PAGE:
I've never been a fan of valve, in fact I'm a critic and this new information only strengthens my opinion of the company.

Freek Hoekstra
profile image
that is fine, but one must accept that this is not the most unbiased of sources.
a disgruntled employee that was fired because the project she was working on was cancelled.
and that has a problem with the management structure (the culture) that has been working well for them for years. maybe they are over protective, that may be but I can see how going against this would be seen as being abrasive...

a company is not evil for firing people, if they are not adding value or are not needed anymore.
not saying what she says isn't the case, but if the project did indeed get canned, then it is only logical that the hardware people would no longer be required.
all I'm saying is it seems a little one sided from her end as well.

D Scheffler
profile image
Ok so a self-taught computer chip designer, and DIY electronics genius is complaining because she can't hire a machinist? With all the information, training manuals programs, and resources from machine tool companies online, in libraries, and at community colleges available she couldn't figure out how to machine her own part? Yep, now I know why she and her team where fired.

I'm no expert, but I can program a machine tool path and cut my own parts, or make the molds to make my own plastic parts. I figure by now valve has a 3D printer too, and you probably don't even need to go through all the machining stuff. But even if you did it is not much different than making a computer wireframe model. I mean if you can't figure out X, Y, Z, or polar coordinates are you really the sort of expert Valve is paying you to be.

I'm not saying Valve is without fault as they really should have tried to utilize her obvious talents in a more productive way, but I don't think she was entirely blameless when her project was not continued.

Bob Johnson
profile image
No one driving the bus at Valve. No wonder they do things at a snails pace. Their stranglehold on the pcgaming digital store market helped them work on whatever too without having to actually release anything and make money on it.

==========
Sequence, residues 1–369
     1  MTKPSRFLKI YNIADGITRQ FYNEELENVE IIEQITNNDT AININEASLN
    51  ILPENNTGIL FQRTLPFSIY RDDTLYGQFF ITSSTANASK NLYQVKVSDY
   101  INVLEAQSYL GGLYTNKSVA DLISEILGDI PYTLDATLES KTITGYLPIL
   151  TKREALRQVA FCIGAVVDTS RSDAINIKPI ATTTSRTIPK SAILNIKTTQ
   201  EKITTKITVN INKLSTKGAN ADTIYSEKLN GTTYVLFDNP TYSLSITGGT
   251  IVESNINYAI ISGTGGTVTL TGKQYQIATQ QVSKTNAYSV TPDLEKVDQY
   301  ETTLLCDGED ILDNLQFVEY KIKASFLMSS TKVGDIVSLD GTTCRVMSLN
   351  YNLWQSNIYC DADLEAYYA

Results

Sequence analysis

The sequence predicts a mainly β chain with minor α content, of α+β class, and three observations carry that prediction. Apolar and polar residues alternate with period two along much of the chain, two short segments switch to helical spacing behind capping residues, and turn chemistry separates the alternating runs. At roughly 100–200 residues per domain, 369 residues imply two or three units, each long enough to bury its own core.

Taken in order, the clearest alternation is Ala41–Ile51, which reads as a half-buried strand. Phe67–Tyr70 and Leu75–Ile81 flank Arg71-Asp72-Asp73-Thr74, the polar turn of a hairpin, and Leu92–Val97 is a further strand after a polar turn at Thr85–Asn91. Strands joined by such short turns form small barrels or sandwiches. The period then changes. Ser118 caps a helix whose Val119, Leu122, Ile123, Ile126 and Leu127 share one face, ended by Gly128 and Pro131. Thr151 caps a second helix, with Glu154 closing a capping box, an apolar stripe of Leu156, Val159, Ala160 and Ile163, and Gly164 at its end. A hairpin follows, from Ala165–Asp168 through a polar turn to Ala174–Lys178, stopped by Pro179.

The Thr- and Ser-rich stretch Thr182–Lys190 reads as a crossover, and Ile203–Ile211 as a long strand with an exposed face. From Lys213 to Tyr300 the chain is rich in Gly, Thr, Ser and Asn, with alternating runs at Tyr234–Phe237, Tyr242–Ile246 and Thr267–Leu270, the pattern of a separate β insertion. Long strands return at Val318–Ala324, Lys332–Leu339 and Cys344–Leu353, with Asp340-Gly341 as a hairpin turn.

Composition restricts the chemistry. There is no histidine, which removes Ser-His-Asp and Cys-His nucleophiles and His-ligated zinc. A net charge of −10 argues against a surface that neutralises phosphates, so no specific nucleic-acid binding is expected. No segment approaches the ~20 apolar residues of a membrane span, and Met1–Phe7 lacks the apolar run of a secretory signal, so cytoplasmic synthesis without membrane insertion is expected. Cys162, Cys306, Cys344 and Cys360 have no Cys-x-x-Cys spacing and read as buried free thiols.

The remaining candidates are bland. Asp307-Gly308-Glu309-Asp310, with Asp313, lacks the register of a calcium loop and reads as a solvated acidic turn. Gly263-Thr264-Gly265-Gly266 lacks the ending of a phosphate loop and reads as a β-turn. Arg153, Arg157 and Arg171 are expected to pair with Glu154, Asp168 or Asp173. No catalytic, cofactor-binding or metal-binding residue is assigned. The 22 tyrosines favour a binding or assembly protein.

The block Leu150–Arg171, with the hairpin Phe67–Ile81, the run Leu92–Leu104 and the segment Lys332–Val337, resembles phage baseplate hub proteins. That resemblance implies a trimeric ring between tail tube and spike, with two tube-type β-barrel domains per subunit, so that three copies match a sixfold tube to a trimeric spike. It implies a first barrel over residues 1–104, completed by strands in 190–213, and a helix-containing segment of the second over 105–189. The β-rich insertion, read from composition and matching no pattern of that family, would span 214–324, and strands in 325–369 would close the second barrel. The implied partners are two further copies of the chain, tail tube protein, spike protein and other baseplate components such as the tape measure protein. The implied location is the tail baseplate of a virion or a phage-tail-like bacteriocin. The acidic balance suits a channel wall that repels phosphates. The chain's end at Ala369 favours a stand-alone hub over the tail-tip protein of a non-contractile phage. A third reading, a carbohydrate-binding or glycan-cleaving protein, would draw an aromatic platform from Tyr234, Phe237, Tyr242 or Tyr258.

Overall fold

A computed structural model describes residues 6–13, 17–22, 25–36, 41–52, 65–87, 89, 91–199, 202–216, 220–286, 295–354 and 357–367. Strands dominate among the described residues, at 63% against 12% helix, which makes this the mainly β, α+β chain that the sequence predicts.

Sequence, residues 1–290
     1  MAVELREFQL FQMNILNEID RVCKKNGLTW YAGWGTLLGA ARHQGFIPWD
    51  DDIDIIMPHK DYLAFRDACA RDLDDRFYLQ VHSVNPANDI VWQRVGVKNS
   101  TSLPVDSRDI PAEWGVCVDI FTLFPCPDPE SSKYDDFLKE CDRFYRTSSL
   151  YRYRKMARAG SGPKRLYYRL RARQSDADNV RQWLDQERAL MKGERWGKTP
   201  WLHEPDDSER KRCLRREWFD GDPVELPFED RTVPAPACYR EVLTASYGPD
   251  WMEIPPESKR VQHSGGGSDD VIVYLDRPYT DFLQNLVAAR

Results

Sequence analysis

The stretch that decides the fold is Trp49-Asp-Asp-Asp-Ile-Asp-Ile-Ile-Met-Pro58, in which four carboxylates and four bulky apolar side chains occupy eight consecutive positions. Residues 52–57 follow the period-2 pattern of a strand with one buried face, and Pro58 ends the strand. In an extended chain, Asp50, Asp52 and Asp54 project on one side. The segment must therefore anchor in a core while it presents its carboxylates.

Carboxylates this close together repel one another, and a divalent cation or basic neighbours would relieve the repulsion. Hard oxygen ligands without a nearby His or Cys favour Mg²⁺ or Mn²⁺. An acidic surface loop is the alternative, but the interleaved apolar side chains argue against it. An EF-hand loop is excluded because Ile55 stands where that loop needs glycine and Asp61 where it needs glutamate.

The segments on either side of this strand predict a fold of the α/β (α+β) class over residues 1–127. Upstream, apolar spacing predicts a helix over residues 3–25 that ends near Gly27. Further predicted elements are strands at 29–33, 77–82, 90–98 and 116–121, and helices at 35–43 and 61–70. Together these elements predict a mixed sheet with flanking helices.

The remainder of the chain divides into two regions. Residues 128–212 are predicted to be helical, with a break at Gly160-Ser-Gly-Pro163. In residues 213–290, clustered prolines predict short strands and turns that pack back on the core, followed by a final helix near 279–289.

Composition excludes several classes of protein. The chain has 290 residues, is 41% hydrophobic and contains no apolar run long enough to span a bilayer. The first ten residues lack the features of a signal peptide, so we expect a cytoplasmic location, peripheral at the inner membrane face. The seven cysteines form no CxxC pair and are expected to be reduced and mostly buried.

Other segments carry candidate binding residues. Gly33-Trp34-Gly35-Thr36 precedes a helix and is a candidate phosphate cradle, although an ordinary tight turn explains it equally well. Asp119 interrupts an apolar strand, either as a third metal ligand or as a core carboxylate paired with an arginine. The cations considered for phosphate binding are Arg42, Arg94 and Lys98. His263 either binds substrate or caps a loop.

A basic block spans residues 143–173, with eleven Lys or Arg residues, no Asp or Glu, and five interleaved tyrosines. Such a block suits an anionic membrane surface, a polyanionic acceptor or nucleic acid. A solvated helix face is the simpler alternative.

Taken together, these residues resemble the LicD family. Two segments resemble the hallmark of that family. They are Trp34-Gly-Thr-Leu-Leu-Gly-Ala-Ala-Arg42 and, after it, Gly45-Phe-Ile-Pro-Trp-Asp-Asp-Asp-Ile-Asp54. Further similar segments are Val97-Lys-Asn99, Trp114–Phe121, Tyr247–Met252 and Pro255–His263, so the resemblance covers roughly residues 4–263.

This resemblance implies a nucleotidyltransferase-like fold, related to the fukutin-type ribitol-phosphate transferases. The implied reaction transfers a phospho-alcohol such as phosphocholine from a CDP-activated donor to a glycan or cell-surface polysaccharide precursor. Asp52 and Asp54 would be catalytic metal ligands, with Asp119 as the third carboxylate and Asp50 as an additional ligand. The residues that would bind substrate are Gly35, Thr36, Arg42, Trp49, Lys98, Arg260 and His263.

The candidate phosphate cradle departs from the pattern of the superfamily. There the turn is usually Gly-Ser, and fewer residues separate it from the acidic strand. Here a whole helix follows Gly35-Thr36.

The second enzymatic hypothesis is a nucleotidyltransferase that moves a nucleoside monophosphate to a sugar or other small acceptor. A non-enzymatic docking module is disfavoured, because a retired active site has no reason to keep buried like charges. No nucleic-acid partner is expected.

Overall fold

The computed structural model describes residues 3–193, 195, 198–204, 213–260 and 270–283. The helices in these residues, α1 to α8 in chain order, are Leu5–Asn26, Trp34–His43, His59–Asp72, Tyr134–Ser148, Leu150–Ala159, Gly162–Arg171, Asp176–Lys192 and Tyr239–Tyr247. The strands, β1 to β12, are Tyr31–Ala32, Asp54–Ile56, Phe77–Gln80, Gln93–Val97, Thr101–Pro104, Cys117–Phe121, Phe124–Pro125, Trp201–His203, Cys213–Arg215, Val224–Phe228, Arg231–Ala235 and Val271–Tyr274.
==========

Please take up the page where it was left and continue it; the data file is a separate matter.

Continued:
But what have they done the past 6 years? Portal 2 is all I can think of. And it was a small game not unlike the first.

Karl Schmidt
profile image
Constant updates to Team Fortress 2, L4D1, L4D2, CS:GO, Source Engine Mac and Linux support, Steam for Mac and Linux, DOTA2... http://en.wikipedia.org/wiki/List_of_games_developed_by_Valve

Lance Thornblad
profile image
Kinda silly - they're not a huge team. I wouldn't measure a company's success by the number of products they put out. Personally, I think the stuff they put out is first rate and that's more important.

Piotr Podgorski
profile image
Last 6 years? Here we go... Releases according to Wikipedia:

2007 -- Half Life 2: Episode Two, Portal, Team Fortress 2
2008 -- Left 4 Dead
2009 -- Left 4 Dead 2
2010 -- Alien Swarm
2011 -- Portal 2
2012 -- Counter Strike: GO
2013 -- Dota 2

A game per year. I don't know a lot of studios with this kind of track record. In fact, those who come close to it usually keep making the same game every year -- be it sports or generic shooters.

Not to mention what Karl Schmidt wrote.

I know it looks like Valve's been doing nothing because they haven't released Half Life 3 but... the world doesn't end there, you know?

Bob Johnson
profile image
OK i did forget all about L4D and its sequel. Not sure I would count those as 2 full games, but anyway that was the one I was missing.

Dota2 isn't officially out yet. Updating TF2 I guess is something. But if you first bought the game 6 years ago it isn't so much. :)

And I was talking 6 years as in the 6 years since Orange Box came out.